My LonCon3 schedule, let me show you it! It’s pretty packed. I’ll note up front that in addition to panels I have an autographing session and a Kaffeeklatsch, so those are places where I am guaranteed to be in a way that you can at least tokenly converse with me if all other plans fall through!

I’ll also be at Nine Worlds, but there are couple of things still being ironed out in that schedule, hopefully to be posted tomorrow.

Better Worldbuilding Through Poetry
Thursday 16:30 – 18:00, Capital Suite 13 (ExCeL)

When you ask someone to think of poetry in SF and fantasy novels, they are liable to think first of the epic or pseudo-epic verse of Tolkien and his inheritors — language used to elevate and mythologise the world and the events they create. But poetry can be put to many and varied uses within larger works, as evidenced by such recent books as Anne Carson’s “Red Doc>” (a verse novel), Sofia Samatar’s “A Stranger in Olondria” (which includes poetry as imagined literary history), or Kim Stanley Robinson’s “2312” (prose-poems evoking AI consciousness). How do these and other SF and fantasy works use poetry to help create moods, worlds, or characters? What forms and what kinds of language are most common, and why? And to what extent is poetry contextual — are there examples of writing that we accept as the next page of a novel, but would treat as a poem if published separately?

Catherynne M. Valente (M), Jenny Blackford, Amal El-Mohtar, Greer Gilman, Neil Williamson

Autographing 2 – Amal El-Mohtar
Friday 11:00 – 12:00, Autographing Space (ExCeL)

Content and Form: Writing SF/F in non-Western Modes
Friday 13:30 – 15:00, Capital Suite 8 (ExCeL)

Sofia Samatar recently suggested that SF genre writers and readers have “a tendency to focus on content rather than form”, even or especially when engaging with marginalised perspectives. Does our genre inevitably tend towards the form and structure of western, English-language stories, regardless of what cultural tradition(s) are reflected in the content? How can a non-western or non-Anglophone writer engage with science fiction and fantasy while also operating outside of the conventions of western-style storytelling? Is it possible for western writers to engage with non-western traditions in an authentic way and produce a story that a wider audience will recognize as science fiction or fantasy? What are some of the different forms offered by non-western cultures that need to be told?

Amal El-Mohtar (M), Aliette de Bodard, Rochita Loenen-Ruiz, JY Yang, Nick Wood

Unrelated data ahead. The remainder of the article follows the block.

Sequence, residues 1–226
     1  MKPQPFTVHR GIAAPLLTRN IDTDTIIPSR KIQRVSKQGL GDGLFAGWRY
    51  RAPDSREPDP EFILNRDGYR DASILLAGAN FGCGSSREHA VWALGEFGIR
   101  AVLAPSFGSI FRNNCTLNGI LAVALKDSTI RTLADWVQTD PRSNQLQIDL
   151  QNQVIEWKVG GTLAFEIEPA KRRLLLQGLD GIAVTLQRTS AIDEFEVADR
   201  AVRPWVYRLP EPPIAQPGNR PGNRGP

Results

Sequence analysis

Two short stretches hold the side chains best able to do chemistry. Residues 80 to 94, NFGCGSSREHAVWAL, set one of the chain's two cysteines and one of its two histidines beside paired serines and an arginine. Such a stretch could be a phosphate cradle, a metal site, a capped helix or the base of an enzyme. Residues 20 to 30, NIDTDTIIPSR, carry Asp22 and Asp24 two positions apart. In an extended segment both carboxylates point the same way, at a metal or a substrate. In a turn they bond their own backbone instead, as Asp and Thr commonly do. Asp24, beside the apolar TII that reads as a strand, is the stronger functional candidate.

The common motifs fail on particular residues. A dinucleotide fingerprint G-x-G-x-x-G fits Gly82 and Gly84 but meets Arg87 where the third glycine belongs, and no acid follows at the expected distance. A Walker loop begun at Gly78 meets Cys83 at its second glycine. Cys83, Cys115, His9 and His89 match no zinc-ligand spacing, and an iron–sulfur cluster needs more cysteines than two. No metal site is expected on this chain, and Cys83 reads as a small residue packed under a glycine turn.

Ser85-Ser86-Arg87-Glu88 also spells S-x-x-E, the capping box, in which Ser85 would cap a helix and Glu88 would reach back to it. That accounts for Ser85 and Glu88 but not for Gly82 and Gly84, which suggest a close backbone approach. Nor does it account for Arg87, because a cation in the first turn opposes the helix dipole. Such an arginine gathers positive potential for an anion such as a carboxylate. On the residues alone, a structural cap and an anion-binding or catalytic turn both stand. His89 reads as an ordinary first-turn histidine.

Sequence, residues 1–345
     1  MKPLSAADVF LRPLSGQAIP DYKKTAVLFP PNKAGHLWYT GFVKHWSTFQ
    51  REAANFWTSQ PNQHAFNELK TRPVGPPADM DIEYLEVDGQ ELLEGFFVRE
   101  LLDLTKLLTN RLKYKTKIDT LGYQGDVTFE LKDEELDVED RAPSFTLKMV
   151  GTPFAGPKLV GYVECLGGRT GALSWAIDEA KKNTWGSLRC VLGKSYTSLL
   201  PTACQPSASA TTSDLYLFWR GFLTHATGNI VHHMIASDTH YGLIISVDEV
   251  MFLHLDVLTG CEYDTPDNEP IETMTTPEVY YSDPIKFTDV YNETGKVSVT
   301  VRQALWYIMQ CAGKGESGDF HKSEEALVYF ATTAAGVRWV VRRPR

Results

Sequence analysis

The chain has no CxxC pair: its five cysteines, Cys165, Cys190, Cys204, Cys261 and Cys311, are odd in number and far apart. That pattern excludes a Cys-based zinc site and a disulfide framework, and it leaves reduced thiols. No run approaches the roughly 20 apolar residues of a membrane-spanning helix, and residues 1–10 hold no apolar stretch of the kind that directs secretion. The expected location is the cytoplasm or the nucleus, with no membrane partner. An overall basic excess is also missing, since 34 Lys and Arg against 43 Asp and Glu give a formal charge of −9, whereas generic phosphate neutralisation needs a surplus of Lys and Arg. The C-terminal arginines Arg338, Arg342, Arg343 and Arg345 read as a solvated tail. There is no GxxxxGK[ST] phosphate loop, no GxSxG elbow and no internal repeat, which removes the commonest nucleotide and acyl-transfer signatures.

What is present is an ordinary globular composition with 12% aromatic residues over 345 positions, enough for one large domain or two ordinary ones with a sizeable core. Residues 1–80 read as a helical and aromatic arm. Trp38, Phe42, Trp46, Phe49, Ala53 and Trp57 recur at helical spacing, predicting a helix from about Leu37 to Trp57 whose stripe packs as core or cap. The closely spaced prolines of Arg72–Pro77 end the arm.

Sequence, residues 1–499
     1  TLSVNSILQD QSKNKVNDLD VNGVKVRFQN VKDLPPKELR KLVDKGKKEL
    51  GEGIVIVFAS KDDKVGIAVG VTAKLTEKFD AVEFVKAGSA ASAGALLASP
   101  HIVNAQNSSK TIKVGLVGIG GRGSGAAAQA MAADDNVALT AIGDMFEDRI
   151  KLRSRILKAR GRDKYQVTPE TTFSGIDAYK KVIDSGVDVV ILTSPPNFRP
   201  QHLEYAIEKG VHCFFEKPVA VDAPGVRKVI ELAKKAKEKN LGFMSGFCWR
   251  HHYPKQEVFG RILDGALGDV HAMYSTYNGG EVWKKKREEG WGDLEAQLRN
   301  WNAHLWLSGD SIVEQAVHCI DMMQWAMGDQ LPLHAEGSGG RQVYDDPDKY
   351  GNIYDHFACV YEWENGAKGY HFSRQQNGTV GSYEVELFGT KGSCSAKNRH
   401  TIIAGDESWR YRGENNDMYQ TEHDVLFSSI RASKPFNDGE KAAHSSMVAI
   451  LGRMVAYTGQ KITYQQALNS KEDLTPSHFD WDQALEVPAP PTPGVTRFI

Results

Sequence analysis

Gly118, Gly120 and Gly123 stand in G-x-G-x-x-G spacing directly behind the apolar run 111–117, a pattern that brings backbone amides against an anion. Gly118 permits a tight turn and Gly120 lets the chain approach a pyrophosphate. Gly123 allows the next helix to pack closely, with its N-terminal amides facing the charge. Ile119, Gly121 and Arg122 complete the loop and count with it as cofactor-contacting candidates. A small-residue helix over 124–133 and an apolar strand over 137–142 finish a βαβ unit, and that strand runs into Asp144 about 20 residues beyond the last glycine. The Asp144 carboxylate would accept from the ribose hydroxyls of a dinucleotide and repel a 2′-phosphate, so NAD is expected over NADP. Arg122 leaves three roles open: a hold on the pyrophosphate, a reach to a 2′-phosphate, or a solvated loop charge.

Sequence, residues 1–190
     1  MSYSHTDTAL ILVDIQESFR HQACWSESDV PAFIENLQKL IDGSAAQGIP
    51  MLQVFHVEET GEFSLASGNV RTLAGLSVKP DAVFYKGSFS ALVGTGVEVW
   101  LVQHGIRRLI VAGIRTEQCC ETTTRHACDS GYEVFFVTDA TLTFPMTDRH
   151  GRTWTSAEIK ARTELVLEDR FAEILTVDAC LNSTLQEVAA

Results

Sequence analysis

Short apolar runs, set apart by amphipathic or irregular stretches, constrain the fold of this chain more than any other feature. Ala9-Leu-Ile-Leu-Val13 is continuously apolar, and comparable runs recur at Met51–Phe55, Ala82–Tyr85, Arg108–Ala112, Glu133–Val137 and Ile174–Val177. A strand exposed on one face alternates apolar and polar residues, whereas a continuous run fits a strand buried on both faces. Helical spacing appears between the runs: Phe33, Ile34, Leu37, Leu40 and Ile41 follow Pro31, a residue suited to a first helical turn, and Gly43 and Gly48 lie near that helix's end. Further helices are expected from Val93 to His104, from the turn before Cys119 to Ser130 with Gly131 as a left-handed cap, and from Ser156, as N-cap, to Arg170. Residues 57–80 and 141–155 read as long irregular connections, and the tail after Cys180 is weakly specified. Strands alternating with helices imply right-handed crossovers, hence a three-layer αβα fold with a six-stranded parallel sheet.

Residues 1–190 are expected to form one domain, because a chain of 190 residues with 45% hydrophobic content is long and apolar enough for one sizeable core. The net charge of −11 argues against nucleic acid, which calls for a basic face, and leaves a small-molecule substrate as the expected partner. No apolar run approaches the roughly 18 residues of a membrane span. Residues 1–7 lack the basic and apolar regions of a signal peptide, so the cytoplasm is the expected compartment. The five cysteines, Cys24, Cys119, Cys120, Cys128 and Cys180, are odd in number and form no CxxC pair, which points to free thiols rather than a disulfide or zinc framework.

Saturday Morning Cartoons: The Next Generation
Friday 16:30 – 18:00, Capital Suite 2 (ExCeL)

Alongside the much-discussed golden age of animated cinema, we’re living in a golden age of animated TV. Shows such as Gravity Falls, Venture Brothers, My Little Pony: Friendship is Magic, Adventure Time, and Avatar: The Last Airbender can be as clever, funny, politically challenging and emotionally sophisticated as any live-action show. This panel will discuss when and why the best of these shows work so well — as well as the constraints they still face, and whether some of them fall short of their ideals.

Amal El-Mohtar, Abigail Nussbaum (M), Abigail Sutherland, Andrew Ferguson

Saturday 11:00 – 12:00, London Suite 5 (ExCeL)

Kaffeeklatsches and Literary Beers are small group discussions with authors, artists, editors, and other interesting personalities. Kaffeeklatsches are located in the London Suite, and Literary Beers in the bar area of the Fan Village.

Sessions are limited to nine attendees, and advance signup is required. Overbooking is not allowed. Sign-up sheets will be available at the Information Desk the day before each session. Morning slots (those starting 10AM-1PM) will be available from 9:30AM on the morning before, and afternoon slots (from 2PM onwards) will be available at 2PM the afternoon before. Each person in line may sign up for only one kaffeeklatsch per session, and only one person per kaffeeklatsch (although you may sign up for someone other than yourself). You must provide the attendee’s badge name and number to sign up. Three reserve places will be available in case an attendee cancels a booking or does not show up.

Unfortunately we can provide drinks only for session hosts, so please feel free to bring your own drink with you.

Race and British SF
Saturday 13:30 – 15:00, Capital Suite 5 (ExCeL)

Four years ago, Tricia Sullivan threw a spotlight on the gender balance of SF authors published in the UK, leading to a continuing conversation that is — perhaps — finally having an effect. However, although other aspects of representation have been mentioned in the course of this conversation, they have rarely been the focus, and in particular it can be argued that UK fandom and publishing have not talked enough about race. To use the same barometer as Sullivan, only one writer of colour has ever won the Arthur C. Clarke Award, and so far this century only three have been shortlisted. Yet the success of diversity-led events such as Nine Worlds suggests the audience is there. So what else should publishers and fannish institutions in the UK be doing to support writers of colour? Whose work should Loncon attendees rush to buy in the dealer’s room? And whose novels and stories are we eagerly anticipating?

Amal El-Mohtar (M), Tajinder Hayer, Stephanie Saulter, Russell Smith, Dev Agarwal

Full-Spectrum Fantasy
Saturday 18:00 – 19:00, Capital Suite 8+11 (ExCeL)